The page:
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Originally Posted by husker boxster View Post
I'm hoping to change out the driver's side exhaust manifold today (bad cat). When removing the exhaust manifold bolts going into the engine block, should I...

1) Give 'em the beans and hit them with an impact wrench

or

2) Carefully hand loosen them

I'm really afraid of breaking them off so I'm wondering if either of these approaches is better. I'm leaning towards #1. I've been squirting them with AeroKroil several times over the last 24 hrs in preparation of the extraction.
Please, for the love of all that is holy, do not use an impact on these.

I agree that repeat oiling and whacking over several days is the best first step.

I watched an interesting video a mechanic made about removing seized header bolts. He would actually tighten them until you could feel the cracking of the rust, then loosen quarter of a turn, then tighten again, then loosen again, etc. Take your time, don't force it, and don't actually remove any of the bolts until they are all cracked free. Start with the front and rear ones first as they are usually the hardest ones (and will only get more difficult if you save them for last). This was the technique I used in mine and 11/12 came out fine. The integrity of the metal on the rear most bolt on driver's side was so poor that I could actually feel it twisting but not breaking free. That one had to be drilled out.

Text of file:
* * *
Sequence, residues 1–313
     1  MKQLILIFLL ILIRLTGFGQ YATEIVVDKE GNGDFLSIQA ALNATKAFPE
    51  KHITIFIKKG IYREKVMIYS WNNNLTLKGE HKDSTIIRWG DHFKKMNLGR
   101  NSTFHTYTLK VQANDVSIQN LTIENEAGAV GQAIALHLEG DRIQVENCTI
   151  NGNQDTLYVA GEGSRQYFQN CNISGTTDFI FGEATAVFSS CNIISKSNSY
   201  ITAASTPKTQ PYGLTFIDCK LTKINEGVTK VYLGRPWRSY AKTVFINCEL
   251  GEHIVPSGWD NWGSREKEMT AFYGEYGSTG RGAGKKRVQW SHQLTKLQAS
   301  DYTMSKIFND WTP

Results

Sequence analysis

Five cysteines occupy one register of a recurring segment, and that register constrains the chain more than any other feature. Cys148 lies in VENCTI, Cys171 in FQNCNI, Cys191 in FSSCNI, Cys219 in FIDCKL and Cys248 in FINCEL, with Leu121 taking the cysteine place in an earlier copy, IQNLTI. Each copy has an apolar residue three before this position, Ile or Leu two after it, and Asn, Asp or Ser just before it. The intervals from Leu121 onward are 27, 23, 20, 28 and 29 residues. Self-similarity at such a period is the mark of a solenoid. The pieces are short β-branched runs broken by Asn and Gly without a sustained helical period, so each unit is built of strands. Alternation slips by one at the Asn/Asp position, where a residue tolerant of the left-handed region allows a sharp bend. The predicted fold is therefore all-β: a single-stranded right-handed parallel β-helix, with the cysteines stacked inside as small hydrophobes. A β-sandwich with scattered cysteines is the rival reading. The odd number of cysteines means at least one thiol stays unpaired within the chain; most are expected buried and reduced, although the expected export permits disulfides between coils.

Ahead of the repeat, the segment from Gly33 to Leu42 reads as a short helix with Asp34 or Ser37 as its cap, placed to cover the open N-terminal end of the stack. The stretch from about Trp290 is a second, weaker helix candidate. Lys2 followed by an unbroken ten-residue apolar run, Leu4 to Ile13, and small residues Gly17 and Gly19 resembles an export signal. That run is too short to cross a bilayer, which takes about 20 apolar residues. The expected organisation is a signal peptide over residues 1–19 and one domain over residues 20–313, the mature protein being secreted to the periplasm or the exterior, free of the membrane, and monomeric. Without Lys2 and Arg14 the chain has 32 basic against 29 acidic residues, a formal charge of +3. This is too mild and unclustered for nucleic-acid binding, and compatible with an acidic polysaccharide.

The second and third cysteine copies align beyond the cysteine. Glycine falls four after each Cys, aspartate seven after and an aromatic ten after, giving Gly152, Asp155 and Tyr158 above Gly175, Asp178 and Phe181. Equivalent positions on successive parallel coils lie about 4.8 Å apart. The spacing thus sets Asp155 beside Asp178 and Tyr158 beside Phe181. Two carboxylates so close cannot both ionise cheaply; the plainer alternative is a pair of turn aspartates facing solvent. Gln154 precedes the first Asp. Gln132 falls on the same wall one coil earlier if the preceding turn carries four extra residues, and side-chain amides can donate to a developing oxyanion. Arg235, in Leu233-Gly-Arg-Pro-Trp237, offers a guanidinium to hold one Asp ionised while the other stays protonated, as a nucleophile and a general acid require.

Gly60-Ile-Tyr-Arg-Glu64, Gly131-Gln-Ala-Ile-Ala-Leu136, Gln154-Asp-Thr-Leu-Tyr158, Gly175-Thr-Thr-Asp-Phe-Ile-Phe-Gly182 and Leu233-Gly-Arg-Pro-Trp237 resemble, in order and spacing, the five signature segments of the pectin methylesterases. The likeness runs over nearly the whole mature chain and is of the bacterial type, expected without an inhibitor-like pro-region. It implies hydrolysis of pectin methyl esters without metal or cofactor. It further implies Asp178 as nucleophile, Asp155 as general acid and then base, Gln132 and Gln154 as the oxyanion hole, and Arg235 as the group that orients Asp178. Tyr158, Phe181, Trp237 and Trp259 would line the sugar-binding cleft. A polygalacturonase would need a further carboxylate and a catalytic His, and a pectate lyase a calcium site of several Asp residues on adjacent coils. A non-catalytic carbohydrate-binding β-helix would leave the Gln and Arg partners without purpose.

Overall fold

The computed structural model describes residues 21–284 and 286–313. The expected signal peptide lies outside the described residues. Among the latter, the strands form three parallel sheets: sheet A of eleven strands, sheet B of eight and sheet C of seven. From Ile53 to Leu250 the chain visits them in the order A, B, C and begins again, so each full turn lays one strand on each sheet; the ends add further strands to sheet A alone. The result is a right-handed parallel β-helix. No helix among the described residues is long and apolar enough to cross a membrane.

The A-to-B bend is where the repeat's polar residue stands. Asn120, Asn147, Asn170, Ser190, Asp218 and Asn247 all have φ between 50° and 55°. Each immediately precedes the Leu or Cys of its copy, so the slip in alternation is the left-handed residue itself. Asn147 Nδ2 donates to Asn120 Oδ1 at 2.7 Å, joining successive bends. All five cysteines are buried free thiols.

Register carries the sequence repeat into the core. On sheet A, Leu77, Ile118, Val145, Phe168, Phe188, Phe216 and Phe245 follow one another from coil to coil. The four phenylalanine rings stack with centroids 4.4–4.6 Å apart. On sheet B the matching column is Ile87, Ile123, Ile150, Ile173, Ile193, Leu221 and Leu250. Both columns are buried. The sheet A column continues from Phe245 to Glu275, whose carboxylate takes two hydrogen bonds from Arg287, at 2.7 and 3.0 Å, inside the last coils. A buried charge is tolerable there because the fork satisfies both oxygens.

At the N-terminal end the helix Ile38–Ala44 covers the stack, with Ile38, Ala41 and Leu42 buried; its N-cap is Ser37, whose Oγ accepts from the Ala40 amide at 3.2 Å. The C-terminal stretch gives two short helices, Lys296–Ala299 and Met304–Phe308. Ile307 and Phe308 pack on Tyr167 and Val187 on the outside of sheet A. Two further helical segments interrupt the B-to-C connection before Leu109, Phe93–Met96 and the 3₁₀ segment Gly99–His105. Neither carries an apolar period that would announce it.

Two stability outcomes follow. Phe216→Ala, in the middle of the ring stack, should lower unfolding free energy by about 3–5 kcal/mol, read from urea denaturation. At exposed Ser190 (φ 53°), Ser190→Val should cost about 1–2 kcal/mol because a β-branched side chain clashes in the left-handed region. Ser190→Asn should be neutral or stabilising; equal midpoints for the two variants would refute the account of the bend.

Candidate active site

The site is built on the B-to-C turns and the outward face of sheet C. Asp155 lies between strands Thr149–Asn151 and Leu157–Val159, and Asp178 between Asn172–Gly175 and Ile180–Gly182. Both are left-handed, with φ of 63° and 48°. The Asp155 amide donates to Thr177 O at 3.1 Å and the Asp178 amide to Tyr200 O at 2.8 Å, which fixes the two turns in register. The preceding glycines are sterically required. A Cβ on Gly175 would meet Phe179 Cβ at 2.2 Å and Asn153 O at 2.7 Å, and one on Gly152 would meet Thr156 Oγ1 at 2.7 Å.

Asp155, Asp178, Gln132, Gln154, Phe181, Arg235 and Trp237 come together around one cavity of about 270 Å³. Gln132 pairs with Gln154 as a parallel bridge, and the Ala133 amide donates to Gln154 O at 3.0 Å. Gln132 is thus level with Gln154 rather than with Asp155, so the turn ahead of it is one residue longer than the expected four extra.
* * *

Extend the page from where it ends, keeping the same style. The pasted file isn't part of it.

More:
Do yourself a favor - when you replace them, don't use standard hardware. Go with SS studs (tightened with hex key for your toque wrench) followed by copper plated nuts. Using dissimilar metals will reduce the risk of contact welding as corrosion and heat cycles do their damage.

Let me know if you need part numbers for the studs and bolts. There are "porsche specific" kits that will run you well over $100 but I bought universal parts for $25 and they worked just fine.

Btw, when I dismantled mine, I found that the top not on the triangular flange between header and midpipe were spot-welded by the factory. I'm not the only one to have found this, but it doesn't seem to be universal though.

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Old 02-20-2021, 12:26 PM   #6
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Old 02-20-2021, 01:57 PM   #7
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Quote:
Originally Posted by ike84 View Post